A Call to Save Stockton Street

Societies can rise or fall based on the quantity and quality of their public spaces. New decent public spaces are rare and precious is the day when there’s a chance of a new one. Does it matter if you live near that proposed space? No. Any new public space is a beacon to the world, showing that we need and can have public spaces everywhere.

So let us celebrate the possibility that this street…Stockton-Before
…could become this…
Stockton-After
This is Stockton Street in downtown San Francisco and the conceptual rendering above is from the Lower Stockton Improvement Project. The project would turn three blocks of Stockton from yet another auto sewer into a car-free pedestrian-transit-bicycle mall. People would flock to the space, bus and bicycle access and safety would improve, and merchants would be jumping for joy. Here’s the backstory behind this project.

See here for the full proposal and below for more visuals.

Stockton-overhead-map
Stockton-Market-to-Geary-cross-section

The bad news? It might not happen. The San Francisco Examiner reports that Rose Pak, a prominent power player in nearby Chinatown, is claiming to represent Chinatown merchants in an effort shut down the project. And she says she’s already won. “I consider the issue closed,” says Rose.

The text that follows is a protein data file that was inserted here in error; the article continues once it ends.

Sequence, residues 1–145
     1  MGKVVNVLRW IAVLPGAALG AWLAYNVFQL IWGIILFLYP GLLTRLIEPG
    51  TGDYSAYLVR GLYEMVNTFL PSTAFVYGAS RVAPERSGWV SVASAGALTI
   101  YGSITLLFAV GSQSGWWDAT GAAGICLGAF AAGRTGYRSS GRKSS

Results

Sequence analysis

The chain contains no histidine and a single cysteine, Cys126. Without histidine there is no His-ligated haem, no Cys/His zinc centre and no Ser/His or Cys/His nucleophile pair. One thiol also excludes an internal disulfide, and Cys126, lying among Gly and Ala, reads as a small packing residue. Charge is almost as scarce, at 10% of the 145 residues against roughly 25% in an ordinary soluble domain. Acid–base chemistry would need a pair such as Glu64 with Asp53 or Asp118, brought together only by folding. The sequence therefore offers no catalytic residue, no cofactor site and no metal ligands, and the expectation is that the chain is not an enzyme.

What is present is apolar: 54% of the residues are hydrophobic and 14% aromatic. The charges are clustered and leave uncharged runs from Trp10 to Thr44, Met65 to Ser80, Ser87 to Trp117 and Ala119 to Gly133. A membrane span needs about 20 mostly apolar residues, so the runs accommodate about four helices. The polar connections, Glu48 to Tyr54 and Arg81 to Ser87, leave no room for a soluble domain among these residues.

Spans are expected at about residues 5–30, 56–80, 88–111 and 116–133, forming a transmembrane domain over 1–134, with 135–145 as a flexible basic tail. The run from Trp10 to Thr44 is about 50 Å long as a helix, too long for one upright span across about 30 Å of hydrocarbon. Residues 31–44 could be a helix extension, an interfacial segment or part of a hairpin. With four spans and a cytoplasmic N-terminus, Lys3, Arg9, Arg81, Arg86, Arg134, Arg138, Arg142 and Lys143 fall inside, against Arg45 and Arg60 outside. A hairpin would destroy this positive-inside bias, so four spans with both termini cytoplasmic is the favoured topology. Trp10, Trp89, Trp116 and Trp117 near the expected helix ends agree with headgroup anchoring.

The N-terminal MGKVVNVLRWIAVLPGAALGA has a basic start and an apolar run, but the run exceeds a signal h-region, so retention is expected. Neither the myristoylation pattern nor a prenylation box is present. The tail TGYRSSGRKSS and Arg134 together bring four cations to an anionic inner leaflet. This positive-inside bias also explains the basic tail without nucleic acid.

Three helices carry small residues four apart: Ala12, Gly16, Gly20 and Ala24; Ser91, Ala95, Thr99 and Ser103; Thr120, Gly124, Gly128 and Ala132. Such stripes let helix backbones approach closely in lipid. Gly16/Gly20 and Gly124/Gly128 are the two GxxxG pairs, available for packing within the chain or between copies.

Here’s where you come in. We need you and as many people as possible to tell the powers-that-be: Keep the Lower Stockton Improvement Project alive. If we don’t mobilize, the project could be stopped in its tracks. But if we step up, the results could be a game-changer, not only for San Francisco but for towns and cities everywhere that notice what San Francisco does.

So, sign the Lower Stockton petition today – and tell your friends. It’ll go to the parties listed below, the folks who will decide the Project’s fate. I also suggest editing the petition’s message to fit your own voice.

This is worth your time. Once you’ve signed the petition pat yourself on the back. You’re a star.

Now, sign the petition! (click on this link and scroll down to the Lower Stockton Improvement Project petition form).

Thanks Adam, from Streetsblog, for putting this effort together!

  • Filamino

    CBS5: “The closure will last until 2017…”
    http://sanfrancisco.cbslocal.com/2012/07/30/driving-around-san-francisco-union-square-about-to-get-trickier/

    Huffington Post: “SFMTA Spokesman Pal Rose told KTVU that the agency expects the roadway to reopen in sometime in 2017.”
    http://www.huffingtonpost.com/2012/07/30/stockton-street-closed_n_1721534.html

    ABC7 News: “…the closure is going to be…for five years.”
    http://abc7news.com/archive/8755102/

  • Lego

    I’ve lived in Chinatown since the 80s, so please raise your game and don’t make erroneous “only people who..” assertions, because it is so easy to be false (IF being wrong bothers you). Grant Avenue became a tourist trap area long before the 80s. https://assets.blog.hemmings.com/wp-content/uploads//2015/01/SF1960s_1500.jpg And it looked much the same way in the 30s with chop suey places and gift bazaars. Photo link upon request. Grant Avenue stylings (cool lamposts, etc) and Dragon’s Gate was deliberately created to lure tourists (back in the teens? – you can look it up) by a tourist association. My Second and Third Point follow: